You know you’re not working for a newsgathering organization when (and this is all purely hypothetical, mind you):

1. You pitch your editor an idea for a column in which you would review products for people who work in industry X. The pitch goes something as follows: “So, the way it works is, companies would send us press releases on their products, and we call up people working in the industry who’ve actually used whatever it is we want to write about, and we just print whatever they say.”

And your editor responds: “What if the companies don’t like what we write?”

2. The company won’t run ads in its newsletters because it says that would compromise the publications’ objectivity.

3. Your editor makes you rewrite a story so that it matches the marketing copy for a new product your company is trying to sell. Your company says the product can do X. Your editor tells you to write a story about doing X. You call three sources and ask them if they think people need to do X. Two say no. One of those two sources knows your company’s reputation (bad), and he says, “People don’t need to do X, and even if they did, your product wouldn’t help them anyway.” A third source says maybe people should do X, but only if doing X won’t cost anything.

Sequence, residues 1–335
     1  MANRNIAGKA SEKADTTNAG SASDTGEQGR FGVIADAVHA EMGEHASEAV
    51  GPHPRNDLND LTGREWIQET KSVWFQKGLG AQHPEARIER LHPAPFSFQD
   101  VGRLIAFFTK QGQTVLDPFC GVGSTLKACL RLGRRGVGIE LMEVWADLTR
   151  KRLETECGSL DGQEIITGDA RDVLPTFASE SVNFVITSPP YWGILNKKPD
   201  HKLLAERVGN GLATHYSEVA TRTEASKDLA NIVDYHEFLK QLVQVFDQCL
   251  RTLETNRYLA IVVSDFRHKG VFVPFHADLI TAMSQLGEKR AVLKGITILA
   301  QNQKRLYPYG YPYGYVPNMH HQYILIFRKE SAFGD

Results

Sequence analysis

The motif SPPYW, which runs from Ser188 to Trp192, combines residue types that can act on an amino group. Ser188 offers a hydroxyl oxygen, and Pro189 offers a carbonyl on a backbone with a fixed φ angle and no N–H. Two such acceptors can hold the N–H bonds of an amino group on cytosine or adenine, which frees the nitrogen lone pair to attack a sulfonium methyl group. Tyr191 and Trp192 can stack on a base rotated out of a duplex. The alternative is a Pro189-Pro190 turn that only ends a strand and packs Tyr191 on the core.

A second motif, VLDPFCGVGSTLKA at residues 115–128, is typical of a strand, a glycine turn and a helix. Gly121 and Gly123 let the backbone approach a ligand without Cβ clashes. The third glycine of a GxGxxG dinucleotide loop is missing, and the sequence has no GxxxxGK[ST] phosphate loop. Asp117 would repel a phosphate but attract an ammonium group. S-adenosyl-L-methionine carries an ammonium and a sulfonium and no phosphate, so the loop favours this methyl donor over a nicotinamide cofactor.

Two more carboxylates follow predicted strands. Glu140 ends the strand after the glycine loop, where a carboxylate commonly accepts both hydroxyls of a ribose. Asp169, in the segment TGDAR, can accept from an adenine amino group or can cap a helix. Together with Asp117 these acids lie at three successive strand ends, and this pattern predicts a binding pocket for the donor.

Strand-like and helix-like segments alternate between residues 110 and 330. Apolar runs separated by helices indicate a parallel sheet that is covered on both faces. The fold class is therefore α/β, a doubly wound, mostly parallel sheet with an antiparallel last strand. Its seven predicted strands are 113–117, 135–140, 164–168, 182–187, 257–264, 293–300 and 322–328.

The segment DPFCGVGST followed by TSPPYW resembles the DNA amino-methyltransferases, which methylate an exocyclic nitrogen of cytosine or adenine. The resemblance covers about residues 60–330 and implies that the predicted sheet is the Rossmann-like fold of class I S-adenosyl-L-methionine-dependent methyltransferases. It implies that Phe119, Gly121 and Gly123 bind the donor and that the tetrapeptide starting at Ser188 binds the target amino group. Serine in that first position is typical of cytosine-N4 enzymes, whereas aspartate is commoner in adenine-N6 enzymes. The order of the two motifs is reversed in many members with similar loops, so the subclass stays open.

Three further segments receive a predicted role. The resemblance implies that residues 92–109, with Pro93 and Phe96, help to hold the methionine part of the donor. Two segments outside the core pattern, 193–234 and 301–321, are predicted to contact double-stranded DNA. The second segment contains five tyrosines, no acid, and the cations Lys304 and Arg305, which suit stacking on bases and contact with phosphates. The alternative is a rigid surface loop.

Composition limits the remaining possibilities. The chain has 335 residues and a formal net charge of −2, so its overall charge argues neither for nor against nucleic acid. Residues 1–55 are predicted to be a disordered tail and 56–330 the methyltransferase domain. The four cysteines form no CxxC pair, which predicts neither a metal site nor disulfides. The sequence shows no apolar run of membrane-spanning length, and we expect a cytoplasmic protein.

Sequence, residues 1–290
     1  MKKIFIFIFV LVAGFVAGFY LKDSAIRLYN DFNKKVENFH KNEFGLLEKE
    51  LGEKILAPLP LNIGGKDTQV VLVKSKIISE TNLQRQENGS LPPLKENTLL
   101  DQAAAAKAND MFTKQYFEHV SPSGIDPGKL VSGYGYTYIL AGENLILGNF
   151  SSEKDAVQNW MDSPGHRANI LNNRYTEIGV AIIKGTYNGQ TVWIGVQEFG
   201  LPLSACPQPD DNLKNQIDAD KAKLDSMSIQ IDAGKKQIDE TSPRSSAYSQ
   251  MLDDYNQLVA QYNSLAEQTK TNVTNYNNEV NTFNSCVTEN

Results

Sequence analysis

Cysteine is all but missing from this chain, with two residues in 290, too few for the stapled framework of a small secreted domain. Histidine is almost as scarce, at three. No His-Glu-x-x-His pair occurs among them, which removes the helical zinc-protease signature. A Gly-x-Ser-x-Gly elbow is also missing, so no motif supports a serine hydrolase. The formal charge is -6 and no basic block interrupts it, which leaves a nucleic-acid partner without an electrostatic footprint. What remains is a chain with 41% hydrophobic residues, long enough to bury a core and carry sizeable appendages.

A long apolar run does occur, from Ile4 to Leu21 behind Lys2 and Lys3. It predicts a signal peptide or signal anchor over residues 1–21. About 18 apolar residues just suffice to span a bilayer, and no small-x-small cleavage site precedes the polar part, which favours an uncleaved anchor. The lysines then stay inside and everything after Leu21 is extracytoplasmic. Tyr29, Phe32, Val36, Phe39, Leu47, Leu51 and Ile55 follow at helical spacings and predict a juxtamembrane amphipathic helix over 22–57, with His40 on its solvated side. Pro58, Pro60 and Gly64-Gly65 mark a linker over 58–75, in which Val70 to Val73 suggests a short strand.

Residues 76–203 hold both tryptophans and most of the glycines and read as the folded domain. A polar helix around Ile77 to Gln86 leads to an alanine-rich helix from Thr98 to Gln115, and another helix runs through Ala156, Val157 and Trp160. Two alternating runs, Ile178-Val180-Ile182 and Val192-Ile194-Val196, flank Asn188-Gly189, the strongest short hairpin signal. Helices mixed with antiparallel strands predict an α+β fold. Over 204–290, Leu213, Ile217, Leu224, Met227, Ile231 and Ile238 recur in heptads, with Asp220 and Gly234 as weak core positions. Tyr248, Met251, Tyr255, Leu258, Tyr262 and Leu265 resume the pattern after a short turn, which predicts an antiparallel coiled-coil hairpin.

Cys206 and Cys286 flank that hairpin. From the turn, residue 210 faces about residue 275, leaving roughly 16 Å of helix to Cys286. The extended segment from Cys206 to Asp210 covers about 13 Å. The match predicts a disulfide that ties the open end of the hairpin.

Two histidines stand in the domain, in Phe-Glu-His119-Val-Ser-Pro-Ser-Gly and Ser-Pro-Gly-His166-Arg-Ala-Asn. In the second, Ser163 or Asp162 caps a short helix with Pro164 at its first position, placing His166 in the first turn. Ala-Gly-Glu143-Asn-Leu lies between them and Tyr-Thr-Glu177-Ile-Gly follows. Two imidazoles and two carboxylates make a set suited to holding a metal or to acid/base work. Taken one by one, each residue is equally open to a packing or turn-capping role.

You write a story saying what your sources said. You show it to your editor. She gets mad and tells you to call someone else. You don’t have time to do it, but you do it anyway. Your fourth source says people can do X if they want to, but they don’t have to. You think that seems a little closer to what your editor wants to hear, so you run it by her. She gets even more upset.

Finally, you hear from a coworker that another company is working on a product very similar to your company’s product. You think, this may be my ticket out. You call someone at that company and ask her if people need to do X. She says, “My god, yes, it is absolutely essential that people know how to do X.” You add that to your story. Your editor is relieved, but when she does your evaluation, she notes that you sometimes had a hard time coming up with appropriate material.

4. Newsletters have no news.

5. “Editors” have no reporters working under them.

6. Your boss actually says, “There’s no ‘i’ in team.”

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